CHILDREN are among hundreds of potential victims identified in a major police crackdown on forced work, domestic servitude and sexual exploitation.
Since May last year, forces have launched 200 operations into modern slavery, targeting around 900 alleged offenders.
Forty children were among 1,689 potential victims detected. The number was made up mainly of adults, who are often vulnerable through homelessness, isolation, or drug or alcohol dependency.
The figures were disclosed as forces step up activities to tackle modern slavery, which has been described by Theresa May as a “scourge on our society”.
Mark Burns-Williamson, the Police and Crime Commissioner for West Yorkshire and the chairman of the National Anti-Trafficking and Modern Slavery Network, said the trafficking of people and modern slavery were “abhorrent abuses of human rights”.
He added: “These crimes are a major challenge for all of us, but there is a commitment to tackle these issues and prevent harm and suffering.”
Labour exploitation featured frequently, with 93 probes into people being forced to work against their will in construction, car washes or factories.
Sixty operations targeted sexual exploitation – predominantly forced prostitution within brothels, while 14 were against domestic servitude. Twelve were against child sexual exploitation and four were for sham marriages, while some involved forced cannabis cultivation and shoplifting.
Over half of the operations involved alleged offenders and victims from either Romania or Britain, the National Police Chiefs’ Council said. Cases also involved suspects and victims from Poland, Lithuania and Vietnam.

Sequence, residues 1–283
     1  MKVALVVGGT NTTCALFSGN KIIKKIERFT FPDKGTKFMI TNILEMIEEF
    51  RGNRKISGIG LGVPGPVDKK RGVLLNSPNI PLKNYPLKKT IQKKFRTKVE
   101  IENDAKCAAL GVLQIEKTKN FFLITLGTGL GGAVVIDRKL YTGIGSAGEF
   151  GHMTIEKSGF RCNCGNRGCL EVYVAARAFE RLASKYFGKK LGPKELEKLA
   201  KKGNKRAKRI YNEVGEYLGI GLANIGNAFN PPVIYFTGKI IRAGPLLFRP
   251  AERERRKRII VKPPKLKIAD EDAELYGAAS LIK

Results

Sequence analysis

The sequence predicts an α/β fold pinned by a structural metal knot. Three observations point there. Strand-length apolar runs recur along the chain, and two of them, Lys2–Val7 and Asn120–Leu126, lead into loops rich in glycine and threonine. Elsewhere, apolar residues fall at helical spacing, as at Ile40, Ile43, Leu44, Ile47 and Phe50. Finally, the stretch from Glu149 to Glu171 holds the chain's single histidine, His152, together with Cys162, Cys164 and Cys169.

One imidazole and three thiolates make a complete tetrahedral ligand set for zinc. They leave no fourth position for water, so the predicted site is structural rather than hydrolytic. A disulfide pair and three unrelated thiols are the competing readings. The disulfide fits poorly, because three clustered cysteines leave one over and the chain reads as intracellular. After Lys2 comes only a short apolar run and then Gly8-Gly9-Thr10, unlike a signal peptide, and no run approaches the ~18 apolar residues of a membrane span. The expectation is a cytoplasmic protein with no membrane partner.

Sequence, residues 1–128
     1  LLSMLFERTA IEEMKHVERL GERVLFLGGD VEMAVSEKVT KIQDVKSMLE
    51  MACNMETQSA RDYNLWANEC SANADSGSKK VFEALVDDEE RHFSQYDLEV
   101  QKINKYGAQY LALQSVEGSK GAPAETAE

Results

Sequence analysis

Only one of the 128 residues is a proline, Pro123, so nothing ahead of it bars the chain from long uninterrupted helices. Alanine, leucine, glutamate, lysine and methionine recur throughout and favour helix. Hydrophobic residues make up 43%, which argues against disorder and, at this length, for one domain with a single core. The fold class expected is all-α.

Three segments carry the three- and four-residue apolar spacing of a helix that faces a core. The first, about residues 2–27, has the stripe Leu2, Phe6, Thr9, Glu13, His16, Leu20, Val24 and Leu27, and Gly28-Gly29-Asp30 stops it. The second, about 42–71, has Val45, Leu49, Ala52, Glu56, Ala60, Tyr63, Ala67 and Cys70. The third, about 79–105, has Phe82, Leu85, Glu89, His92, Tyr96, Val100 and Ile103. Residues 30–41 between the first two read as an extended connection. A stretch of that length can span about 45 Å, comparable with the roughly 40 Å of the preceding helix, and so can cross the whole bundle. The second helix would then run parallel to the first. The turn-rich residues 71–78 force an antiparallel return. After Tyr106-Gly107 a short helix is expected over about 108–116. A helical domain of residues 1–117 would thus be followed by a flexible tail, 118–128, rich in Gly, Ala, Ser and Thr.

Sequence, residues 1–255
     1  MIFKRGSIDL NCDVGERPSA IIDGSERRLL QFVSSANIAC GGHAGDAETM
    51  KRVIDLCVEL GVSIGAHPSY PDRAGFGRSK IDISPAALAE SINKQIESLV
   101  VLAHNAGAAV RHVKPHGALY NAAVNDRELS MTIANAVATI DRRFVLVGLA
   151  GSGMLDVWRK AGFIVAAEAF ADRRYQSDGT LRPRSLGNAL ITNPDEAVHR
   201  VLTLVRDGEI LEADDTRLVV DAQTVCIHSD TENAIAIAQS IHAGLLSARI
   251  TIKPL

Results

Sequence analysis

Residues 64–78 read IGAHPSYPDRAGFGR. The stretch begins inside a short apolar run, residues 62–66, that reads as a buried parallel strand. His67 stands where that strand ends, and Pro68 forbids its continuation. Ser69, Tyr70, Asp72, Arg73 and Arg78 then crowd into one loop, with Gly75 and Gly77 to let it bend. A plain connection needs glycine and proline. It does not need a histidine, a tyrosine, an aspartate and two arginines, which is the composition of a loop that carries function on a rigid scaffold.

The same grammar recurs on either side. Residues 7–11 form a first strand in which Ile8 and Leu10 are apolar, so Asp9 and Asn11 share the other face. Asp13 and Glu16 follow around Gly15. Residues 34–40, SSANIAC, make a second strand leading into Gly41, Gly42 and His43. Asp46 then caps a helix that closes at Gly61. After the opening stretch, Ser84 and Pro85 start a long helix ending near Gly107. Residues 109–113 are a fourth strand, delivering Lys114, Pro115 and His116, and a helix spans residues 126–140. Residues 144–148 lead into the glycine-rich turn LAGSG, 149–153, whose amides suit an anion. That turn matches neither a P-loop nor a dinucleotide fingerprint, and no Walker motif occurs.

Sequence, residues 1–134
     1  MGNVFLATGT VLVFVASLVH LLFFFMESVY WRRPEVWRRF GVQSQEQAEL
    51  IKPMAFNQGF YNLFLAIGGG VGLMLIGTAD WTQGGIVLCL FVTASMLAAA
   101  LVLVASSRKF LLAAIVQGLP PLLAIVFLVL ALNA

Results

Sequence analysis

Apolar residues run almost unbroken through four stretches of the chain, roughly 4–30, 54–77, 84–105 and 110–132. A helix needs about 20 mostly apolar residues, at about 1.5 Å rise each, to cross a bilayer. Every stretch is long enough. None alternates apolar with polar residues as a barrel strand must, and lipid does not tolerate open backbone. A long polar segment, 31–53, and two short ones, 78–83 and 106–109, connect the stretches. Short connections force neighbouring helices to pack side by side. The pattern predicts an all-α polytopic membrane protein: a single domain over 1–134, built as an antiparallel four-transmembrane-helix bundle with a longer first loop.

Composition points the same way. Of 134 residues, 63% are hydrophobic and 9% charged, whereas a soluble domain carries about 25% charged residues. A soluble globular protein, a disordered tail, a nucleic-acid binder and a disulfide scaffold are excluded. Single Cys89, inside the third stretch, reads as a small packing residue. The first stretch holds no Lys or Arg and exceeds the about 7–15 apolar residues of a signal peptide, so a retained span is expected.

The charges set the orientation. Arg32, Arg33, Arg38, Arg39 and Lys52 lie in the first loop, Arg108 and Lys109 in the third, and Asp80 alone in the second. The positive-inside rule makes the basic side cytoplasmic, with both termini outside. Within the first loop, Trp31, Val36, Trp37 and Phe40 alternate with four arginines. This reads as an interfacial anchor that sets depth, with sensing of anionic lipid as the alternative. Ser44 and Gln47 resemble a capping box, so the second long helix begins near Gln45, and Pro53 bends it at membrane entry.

The 200 operations have led to 20 convictions and 24 charges so far.
In 2013, Home Office research estimated there were between 10,000 and 13,000 potential victims of modern slavery.
NPCC Lead for Modern Slavery Shaun Sawyer said the number could be “far higher, particularly if we include young people in the UK who are exploited and forced to work in drug dealing operations”.
He said: “Modern slavery investigations are fraught with complexity and challenge, and testimony from victims is hard won.
“Some victims do not see themselves as such. Bringing cases through the criminal justice system can take several years, demanding significant police resources.”
Most operations started after a tip-off about “visible signs of exploitation” like anti-social behaviour, overcrowding or squalid living conditions or indicators of prostitution.
Last month, the UK’s anti-slavery commissioner warned that victims were being failed by “substandard” crime recording which risks allowing perpetrators to offend with impunity. Kevin Hyland criticised “chronic weaknesses” as he demanded that law enforcement agencies step up their response to the issue.
The Government has earmarked £33m from the aid budget to focus on high-risk countries from which victims are regularly trafficked to the UK, while Theresa May has established a new taskforce on modern slavery.
Home Secretary Amber Rudd has also announced an £8.5m cash injection to bolster police efforts.